Do your bit for Delhi, learn how to segregate your garbage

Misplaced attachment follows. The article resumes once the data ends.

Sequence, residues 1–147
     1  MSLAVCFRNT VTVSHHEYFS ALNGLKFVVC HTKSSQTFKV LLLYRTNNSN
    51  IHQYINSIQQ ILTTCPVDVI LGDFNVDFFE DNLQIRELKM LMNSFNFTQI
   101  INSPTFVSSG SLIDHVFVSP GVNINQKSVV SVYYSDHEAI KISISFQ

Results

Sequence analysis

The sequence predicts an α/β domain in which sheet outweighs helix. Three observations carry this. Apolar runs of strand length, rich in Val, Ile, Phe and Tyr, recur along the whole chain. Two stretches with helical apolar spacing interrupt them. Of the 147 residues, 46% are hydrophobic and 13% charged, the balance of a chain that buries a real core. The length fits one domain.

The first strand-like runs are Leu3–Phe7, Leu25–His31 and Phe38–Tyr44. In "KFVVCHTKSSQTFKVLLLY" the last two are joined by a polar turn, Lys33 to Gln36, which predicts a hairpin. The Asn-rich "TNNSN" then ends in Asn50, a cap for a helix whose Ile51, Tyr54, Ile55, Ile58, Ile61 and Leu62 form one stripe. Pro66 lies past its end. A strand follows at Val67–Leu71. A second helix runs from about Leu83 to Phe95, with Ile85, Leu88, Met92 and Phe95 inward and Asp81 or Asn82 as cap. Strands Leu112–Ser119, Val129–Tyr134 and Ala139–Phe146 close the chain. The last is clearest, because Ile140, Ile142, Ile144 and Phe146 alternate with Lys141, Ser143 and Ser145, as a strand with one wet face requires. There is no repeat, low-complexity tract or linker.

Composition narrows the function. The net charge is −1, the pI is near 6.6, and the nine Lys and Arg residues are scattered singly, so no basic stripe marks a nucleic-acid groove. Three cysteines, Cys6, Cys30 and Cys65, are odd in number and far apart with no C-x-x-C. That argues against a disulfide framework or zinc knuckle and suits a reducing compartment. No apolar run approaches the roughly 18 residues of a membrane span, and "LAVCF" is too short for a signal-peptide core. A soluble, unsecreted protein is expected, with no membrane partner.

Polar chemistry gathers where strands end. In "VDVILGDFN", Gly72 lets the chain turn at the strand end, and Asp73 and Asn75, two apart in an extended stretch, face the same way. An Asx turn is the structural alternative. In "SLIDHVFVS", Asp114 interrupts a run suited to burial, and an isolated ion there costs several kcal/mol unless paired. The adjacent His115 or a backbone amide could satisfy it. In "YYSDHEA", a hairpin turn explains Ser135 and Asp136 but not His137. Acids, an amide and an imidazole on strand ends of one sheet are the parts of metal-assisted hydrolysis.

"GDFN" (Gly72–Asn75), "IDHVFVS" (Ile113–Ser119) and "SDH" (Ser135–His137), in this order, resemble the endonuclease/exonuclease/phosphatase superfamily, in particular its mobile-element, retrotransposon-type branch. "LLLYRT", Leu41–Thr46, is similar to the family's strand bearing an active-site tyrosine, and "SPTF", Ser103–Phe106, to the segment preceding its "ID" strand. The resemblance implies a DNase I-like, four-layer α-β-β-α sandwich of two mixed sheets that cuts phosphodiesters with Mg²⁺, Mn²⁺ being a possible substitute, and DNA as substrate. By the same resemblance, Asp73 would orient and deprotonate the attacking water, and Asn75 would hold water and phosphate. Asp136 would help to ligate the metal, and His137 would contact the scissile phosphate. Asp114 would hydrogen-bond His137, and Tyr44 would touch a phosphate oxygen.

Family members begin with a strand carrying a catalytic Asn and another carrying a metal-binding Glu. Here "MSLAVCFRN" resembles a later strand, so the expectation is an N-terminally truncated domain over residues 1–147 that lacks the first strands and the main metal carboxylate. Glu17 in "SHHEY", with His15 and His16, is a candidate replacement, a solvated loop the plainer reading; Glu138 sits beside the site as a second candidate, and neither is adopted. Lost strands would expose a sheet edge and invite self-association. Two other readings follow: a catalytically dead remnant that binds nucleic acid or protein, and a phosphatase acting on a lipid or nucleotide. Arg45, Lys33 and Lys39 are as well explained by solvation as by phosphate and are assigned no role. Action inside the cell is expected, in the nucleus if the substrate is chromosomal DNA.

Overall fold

At least 9,100 tonnes of garbage is shipped out of homes, shops, malls, schools, hospitals and markets to the 2,500 community bins, daily. Of these, East corporation generates 2,200 tonnes, North 3,800 while South civic body daily has to remove 3,100 tonnes of garbage.It is here that an army of ragpickers and a few sanitation workers hired by the municipalities segregate the garbage, picking plastic, metal, cardboard and anything that they can sell to the recyclers. After sending 4,500 tonnes to waste-to-energy plant for incineration and 850 metric tonnes for composting, at least 3,800 tonnes makes its way to the city’s dump sites in Narela-Bawana, Bhalaswa, Okhla and Ghazipur. For transporting the garbage from community bins to landfills, the South Corporation has engaged 174 trucks and dumpers, North Corporation 150 and East Corporation 85.North and South bodies have also engaged concessionaire in eight zones for collecting garbage door-to-door through tippers and trolleys. The South Corporation has converted community bins into fixed compacting stations wherein garbage is segregated and compressed before being taken to landfill. “We have already installed fixed compacting stations at 15 places in central zone and 100 more are targeted in near future,” said a senior SDMC official. To change things on the ground, the Solid & Plastic Waste Management Rules, 2016, were notified in April 2016.“The new bylaws emphasise on collection and segregation of garbage at source, developing local segregation points, integration of informal sectors for segregation of waste and proper disposal. If all goes according to plan, we will be able to implement the Delhi Municipal Corporation’s SWM rules by mid 2017,” said a senior south corporation official said.The rules will make it mandatory for any waste generators, be it domestic or commercial, to segregate garbage into three categories.“They will need to separate wet (biodegradable), dry (plastic, paper, metal, wood, and so on) and domestic hazardous wastes (diapers, napkins, blades, batteries, mosquito repellents). If they don’t do that then it will invite penalty,” said PK Gupta, commissioner, North corporation.The civic bodies need to implement these if there has to be any change in the garbage mess of Delhi. With active participation from people of the city, hopefully, in the next five years the capital city will turn into a cleaner and greener place.